Price Warfare Harming Taiwan's IT Sector, Academic Says

Price Warfare Harming Taiwan's IT Sector, Academic Says
The world’s largest bicycle manufacturer, Giant makes bikes in Taiwan, China, and the Netherlands and last year had global sales worth US$1.8 billion. Photo Credit: Tobie Openshaw/Taiwan Business TOPICS
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A National Taiwan University academic criticizes 'outdated' government subsidies and the direction of the Taiwanese IT sector.

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The “route A” business path that many Taiwanese tech firms have been following is not a viable long-term model for Taiwan, an academic argues.

In an opinion piece for the Chinese-language edition of The News Lens, Hong Shi-hao (洪士灝), an associate professor of Computer Science and Information Engineering at National Taiwan University (NTU), projects that more of the same can only result in a shrinking industry.

“When a firm does not have enough capital, it can only operate as an original equipment manufacturer (OEM). With some luck it will make some money, but in a few years it must find the next profitable technology or equipment. Because these firms cannot build upon technology, their products require little skill; to be profitable, the firm then depends on cheap labor. Let’s call this business model route A,” Hong writes.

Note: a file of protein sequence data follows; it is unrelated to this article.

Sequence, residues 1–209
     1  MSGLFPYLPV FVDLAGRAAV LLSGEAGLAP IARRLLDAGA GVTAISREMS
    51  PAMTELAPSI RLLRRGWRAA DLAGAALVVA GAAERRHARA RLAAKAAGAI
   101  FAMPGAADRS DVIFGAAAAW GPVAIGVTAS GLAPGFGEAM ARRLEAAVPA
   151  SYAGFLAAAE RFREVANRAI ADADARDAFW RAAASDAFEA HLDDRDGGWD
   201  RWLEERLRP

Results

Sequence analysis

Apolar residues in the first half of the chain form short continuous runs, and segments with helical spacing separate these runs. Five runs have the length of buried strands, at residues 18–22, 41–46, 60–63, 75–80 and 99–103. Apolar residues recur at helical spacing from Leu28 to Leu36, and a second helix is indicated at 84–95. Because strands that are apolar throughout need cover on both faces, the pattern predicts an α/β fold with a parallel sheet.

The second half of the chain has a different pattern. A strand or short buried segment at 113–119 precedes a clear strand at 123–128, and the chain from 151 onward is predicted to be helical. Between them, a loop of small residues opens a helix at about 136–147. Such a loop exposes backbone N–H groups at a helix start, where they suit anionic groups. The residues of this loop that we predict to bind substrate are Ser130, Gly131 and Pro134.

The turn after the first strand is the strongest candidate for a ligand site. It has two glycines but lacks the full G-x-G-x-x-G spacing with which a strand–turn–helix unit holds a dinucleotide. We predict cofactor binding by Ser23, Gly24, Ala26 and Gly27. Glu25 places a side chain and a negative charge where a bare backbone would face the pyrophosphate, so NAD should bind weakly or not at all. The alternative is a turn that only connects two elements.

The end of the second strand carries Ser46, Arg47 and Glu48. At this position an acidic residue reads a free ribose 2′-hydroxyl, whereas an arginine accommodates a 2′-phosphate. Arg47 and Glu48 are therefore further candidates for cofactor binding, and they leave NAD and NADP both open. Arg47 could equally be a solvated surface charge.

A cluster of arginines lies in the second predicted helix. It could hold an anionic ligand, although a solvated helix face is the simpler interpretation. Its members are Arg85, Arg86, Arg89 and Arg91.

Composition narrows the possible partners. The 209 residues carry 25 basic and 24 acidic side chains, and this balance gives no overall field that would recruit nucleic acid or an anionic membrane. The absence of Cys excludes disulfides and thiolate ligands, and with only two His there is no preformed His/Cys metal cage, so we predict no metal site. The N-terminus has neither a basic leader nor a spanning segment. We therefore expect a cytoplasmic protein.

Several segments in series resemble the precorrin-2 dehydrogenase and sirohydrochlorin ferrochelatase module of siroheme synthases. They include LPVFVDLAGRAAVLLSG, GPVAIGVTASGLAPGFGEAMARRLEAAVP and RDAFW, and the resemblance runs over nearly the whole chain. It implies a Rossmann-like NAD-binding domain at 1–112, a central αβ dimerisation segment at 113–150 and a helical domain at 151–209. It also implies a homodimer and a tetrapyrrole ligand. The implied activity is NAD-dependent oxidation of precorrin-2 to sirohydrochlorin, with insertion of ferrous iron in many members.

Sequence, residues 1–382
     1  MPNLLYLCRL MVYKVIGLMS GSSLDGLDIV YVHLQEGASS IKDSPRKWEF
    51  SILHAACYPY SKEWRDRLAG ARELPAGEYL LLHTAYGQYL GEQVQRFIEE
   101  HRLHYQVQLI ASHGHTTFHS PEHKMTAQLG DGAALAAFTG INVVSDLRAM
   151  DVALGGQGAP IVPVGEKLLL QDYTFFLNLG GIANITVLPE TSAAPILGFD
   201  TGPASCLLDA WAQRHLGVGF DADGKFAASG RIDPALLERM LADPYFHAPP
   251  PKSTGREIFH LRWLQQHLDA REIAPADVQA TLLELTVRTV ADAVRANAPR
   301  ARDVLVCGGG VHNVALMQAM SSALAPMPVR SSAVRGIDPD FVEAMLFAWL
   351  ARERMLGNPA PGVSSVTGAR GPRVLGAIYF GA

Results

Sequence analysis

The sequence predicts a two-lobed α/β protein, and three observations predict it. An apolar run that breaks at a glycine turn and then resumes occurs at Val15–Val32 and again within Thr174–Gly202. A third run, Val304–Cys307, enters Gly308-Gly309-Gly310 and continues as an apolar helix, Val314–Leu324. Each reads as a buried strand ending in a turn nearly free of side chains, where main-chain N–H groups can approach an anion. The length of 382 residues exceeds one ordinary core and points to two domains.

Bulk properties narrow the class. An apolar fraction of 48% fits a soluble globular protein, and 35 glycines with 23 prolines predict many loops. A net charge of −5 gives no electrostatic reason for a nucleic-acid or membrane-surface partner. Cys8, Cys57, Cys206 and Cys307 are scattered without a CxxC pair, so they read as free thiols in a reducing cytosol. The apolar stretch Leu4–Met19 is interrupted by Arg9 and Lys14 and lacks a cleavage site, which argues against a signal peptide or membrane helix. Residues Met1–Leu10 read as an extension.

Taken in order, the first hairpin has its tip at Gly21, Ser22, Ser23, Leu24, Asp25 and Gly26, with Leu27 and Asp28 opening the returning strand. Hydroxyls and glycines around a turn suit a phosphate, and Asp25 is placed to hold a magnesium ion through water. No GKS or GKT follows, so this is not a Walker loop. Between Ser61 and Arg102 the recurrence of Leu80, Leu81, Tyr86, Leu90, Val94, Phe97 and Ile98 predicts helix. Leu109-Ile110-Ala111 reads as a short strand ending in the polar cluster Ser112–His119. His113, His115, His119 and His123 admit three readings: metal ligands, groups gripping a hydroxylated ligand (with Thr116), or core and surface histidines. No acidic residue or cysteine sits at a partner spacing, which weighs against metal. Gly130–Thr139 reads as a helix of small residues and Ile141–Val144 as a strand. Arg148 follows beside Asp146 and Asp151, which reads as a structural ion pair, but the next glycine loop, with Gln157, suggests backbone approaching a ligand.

“Many firms in Taiwan claim they focus on developing technology, but in truth they are only OEMs buying existing technologies and equipment. This is classic route A," he writes. "There is no shortage of Taiwanese brands who follow route A, but their product quality is mediocre, forcing them to compete in the market with price alone.”

“If the industry continues to compete by cutting costs in existing industries or depending on government subsidies, market share for Taiwanese industries will only shrink,” Hong writes.

Hong then describes a “route B,” which he says is the route Taiwanese firms should follow.

In “route B,” firms target small markets requiring specialized products, such as the medical, aerospace, maritime, and military fields. “These fields take much effort from specialists so the bar to enter the market is high, but that means there are fewer competitors engaging in price wars.”

“After talking with many medium and small-size firms, I believe this is the route Taiwanese firms should follow. Taiwan should distinguish itself through specialized skills, as countries like Israel, the Netherlands, and Finland have done.”

Hong acknowledges the impossibility of forcing “capitalists” to invest in specialized industries. Instead, he calls for the government to stop subsidizing “route A” companies and revise its strategy to develop Taiwan’s IT sector.

“Many government bureaucrats are still stuck in glory from 30-year-old success stories, when they established the Industrial Technology Research Institute and Hsinchu Science Park. They do not realize the environment has changed in the last 30 years. How many of their recent subsidies programs have worked?”

First Editor: Edward White
Second Editor: J. Michael Cole